Dating from the second half of the tenth century, the Kiev Missal is generally held to be the oldest Old Church Slavic manuscript with a coherent text. The manuscript is a seven-folio text in Glagolitic script that contains parts of a Roman-rite missal (Sacramentarium), a book of texts used by a priest during mass. Written in three different hands, it includes a reading from the Epistle to the Romans by the Apostle Paul (Chapter XIII, verses 11-14 and Chapter XIV, verses 1-4), a prayer to the Blessed Virgin from the Annunciation service, and various prayers from the mass. The missal is one of the oldest monuments of the ancient Slavic written language, and is of enormous esthetic and linguistic value to world culture. The manuscript was given to the Kyiv School of Theology in 1872 by Archimandrite Antonin Kapustin, the chief of the Russian Orthodox mission agency in Jerusalem and a former student at the school. Kapustin reportedly found the sheets at the Saint Catherine’s Monastery on Mt. Sinai. The cover of the manuscript contains the inscription of Father Antonin: “To the library of the Kyiv School of Theology. Jerusalem. 1872.” Most of the text of the missal is written in black, denoting the texts meant to be pronounced. Passages written in red are instructions to priest regarding the conduct of the mass.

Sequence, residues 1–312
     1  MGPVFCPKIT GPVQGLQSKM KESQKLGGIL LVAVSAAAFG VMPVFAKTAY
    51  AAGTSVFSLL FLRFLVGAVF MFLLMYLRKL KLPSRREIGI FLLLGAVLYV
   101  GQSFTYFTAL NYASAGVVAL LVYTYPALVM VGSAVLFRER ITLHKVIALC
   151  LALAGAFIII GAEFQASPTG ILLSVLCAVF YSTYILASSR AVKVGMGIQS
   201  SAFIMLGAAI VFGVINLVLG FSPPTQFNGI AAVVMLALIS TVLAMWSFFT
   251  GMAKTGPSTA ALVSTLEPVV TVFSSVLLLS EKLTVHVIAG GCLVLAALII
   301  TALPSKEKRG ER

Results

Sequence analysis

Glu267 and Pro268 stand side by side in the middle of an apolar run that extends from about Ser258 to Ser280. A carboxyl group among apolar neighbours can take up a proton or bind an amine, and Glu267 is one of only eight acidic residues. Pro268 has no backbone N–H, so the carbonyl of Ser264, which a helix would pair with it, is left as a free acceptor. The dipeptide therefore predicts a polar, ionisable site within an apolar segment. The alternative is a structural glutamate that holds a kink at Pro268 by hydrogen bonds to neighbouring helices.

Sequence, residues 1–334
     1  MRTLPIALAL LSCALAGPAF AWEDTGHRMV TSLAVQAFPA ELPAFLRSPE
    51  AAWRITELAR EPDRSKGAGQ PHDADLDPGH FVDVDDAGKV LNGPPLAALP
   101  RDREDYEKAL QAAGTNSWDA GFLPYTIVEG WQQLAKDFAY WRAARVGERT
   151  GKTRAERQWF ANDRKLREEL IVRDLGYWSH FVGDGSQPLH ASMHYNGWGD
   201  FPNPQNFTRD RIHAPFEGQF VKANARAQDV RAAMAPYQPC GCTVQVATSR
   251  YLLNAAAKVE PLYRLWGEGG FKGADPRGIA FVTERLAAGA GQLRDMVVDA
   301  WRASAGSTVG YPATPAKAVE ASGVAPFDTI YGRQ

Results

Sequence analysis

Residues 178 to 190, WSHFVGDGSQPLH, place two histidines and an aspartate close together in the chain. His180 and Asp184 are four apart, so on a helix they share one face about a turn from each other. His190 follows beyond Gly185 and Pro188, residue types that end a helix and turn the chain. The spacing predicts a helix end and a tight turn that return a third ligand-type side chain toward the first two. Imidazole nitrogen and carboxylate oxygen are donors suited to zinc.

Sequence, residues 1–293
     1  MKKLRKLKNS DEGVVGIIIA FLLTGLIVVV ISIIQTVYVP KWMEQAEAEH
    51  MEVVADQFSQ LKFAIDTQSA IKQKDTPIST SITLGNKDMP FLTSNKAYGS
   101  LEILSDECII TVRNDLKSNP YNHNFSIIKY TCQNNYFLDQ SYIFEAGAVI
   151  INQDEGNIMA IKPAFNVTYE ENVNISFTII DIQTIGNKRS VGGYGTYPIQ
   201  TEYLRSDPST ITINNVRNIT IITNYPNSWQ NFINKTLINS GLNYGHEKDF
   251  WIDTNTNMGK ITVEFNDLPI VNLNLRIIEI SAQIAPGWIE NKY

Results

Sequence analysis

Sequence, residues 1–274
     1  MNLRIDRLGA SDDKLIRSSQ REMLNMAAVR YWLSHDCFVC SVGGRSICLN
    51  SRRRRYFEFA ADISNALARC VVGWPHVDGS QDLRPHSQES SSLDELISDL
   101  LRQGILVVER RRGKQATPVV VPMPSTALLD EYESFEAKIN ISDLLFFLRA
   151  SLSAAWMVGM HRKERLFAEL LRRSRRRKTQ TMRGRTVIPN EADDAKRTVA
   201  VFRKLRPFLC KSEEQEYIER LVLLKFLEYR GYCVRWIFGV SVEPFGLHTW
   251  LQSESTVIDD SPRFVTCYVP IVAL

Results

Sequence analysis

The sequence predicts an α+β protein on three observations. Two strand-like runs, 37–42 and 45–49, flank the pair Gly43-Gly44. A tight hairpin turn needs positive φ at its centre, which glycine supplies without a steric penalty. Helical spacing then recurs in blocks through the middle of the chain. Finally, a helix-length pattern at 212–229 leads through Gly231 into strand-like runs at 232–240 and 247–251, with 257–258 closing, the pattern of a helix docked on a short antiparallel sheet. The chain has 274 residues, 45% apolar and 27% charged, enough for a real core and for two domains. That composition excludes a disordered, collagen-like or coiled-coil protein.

Sunny California

During the Great Depression of the 1930s, agricultural workers fled the Dust Bowl conditions on the Great Plains in search of employment in the American West. Many of these people eventually found their way to the migrant work camps in central California that had been established, under President Franklin D. Roosevelt’s New Deal, by the Farm Security Administration (FSA). In this song, Mrs. Mary Sullivan tells how she left Texas, traveled across New Mexico and Arizona in search of work, and after surviving the catastrophic March 1938 Colton, California, flood, found shelter and work at an FSA camp in the San Joaquin Valley. The song was recorded by Charles Todd and Robert Sonkin, both of the City College of New York, who in 1940-41 took recording equipment supplied by the Archive of American Folk Song to California, where they documented the songs, stories, and personal experience narratives of the Dust Bowl refugees who inhabited the camps.

View Showing Oranges Being Harvested in the Groves